Eastern Power Boat Club was organized in 1905 by W. A. Mills, L. J. Johnston, and Monty Williams at the dawn of the internal combustion engine with a mission to “Advance the sport of motor boating in its broadest sense, to promote social intercourse, and to provide a suitable Club House and anchorage for the use of its members.”
Of the many power boat clubs founded around the turn of the century (when power boating and racing was a novel and popular spectator sport), we believe we are the oldest club dedicated to power boating. Our members were active in the Chesapeake Chapter of the American Power Boating Association, and sanctioned races focused on smaller boat racing classes. Our members volunteered at events including the Presidents Cup Races held on the Potomac River starting in 1926 (hosted by Corinthian Yacht Club). CYC was first located on the Potomac by the Long Railroad Bridge (close to present day Columbia Island Marina), in the 1930’s CYC moved to what is now James Creek Marina before relocating to Ridge Maryland in the mid 1960’s.
Photo published in the Washington Times showing the original Club House constructed in 1910 (and replaced in 1912 with the Club House still standing at our current location)
Eastern Power Boat Club’s first official meeting with 19 members present was held on October 3rd, 1910 in Washington DC. Within a year, Eastern officially incorporated in Washington DC on June 6th, 1911.
Microfiche of the first page of Eastern’s articles of incorporation obtained from the District of Columbia in 1957
Below is the “Club Chat” section from the November 1910 Motor Boat Magazine, announcing the organization of Eastern Power Boat Club in the bottom left corner.
Early club members lived close by in Capital Hill or across the river in Anacostia. At the turn of the century, Washington DC waterfronts were industrialized and polluted, with very limited facilities available for recreational motor boating. Rowing and Yacht clubs existed in DC, but they were oriented towards rowing, sailing, or large steam and motor yachts unaccessible to the middle class.
This was a time when internal combustion driven automobiles were just starting to become affordable for the middle class and beginning to replace horses and other forms of transportation. Notably, the first commercially successful outboard engine invented by Ole Evinrude started production in 1909.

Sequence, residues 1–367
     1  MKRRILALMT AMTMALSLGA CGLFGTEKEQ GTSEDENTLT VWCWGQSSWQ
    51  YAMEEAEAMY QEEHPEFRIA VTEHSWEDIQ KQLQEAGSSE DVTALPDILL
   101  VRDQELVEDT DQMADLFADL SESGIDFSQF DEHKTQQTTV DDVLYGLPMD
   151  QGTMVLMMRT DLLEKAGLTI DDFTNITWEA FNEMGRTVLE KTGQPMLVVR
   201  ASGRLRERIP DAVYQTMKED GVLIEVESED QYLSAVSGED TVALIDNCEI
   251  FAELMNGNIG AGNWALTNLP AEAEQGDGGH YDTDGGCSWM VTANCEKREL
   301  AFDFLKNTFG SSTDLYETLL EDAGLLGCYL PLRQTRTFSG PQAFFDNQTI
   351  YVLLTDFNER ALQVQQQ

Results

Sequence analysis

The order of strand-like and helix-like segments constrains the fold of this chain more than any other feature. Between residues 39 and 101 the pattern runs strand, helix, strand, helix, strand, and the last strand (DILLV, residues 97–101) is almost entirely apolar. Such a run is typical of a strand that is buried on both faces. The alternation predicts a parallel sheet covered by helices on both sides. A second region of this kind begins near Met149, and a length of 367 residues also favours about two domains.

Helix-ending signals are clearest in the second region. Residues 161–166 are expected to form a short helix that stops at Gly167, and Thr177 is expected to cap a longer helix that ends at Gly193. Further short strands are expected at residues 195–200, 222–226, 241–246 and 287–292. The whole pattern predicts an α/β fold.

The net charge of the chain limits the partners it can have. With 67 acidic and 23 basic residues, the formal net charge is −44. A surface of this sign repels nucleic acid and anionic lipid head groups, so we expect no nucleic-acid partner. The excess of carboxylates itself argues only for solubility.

Obtaining land and building facilities
To satisfy the founders desire to experiment with the then novelty of motorized boating, early members of Eastern obtained a lease from the War Department at the foot of the 11th street bridge (now part of the Navy Yard). They then developed docks, anchored moorings, and began construction of a wood framed single story clubhouse in 1910. The club grew so quickly that a replacement, two story clubhouse was built in 1912 that still stands today at our current location a short distance upriver.
The club’s original monthly club dues were 50 cents, with mooring costing an additional $1.50 a month. Member rolls grew quickly, with over 50 members by 1911. Early members included both tradesman and office workers, with a large number employed nearby at the Navy Yard. Most members constructed their own boats, requiring great levels of skill, craftsmanship, and labor.
Courtesy of Google Books: See below for a report documenting Eastern’s lease of 93 feet of waterfront from the District of Columbia for $162.75
Regatta’s, parties, and club expansion
There was extensive coverage of Eastern Power Boat Club in the Washington Times, Washington Herald, and Evening Star in the 1910’s through the 1920’s. Power boat racing was a popular spectator sport enjoyed by the local residents of Capital Hill and Anacostia.
This newspaper clipping from the July 27, 1912 edition of The Washington Times, describes plans for a regatta as well as the building of a 30×40 foot two story clubhouse with a loft (still standing today at our current location)
A photo showing an oyster roast in the club’s early days
Due to expansion of the Navy yard during World War One, Eastern was forced to move to the opposite bank of the Anacostia River, just east of the 11th Street bridge in 1919. The clubhouse was floated across the river and new docks were constructed. As reported below in the Washington Herald on June 1, 1919 below:
The second club location was short lived. Channel dredging and land reclamation of mud flats by the Army Corp of Engineers to build what is now Anacostia Park forced the club to move across the river once more in 1920 to the one acre parcel we currently occupy on Historic Boathouse Row. It was at our third and current location, that Eastern finally had the space to build a marine railway and permanent docks that have served the club for over 100 years!
Turn of the century winch still in use as part of our marine railway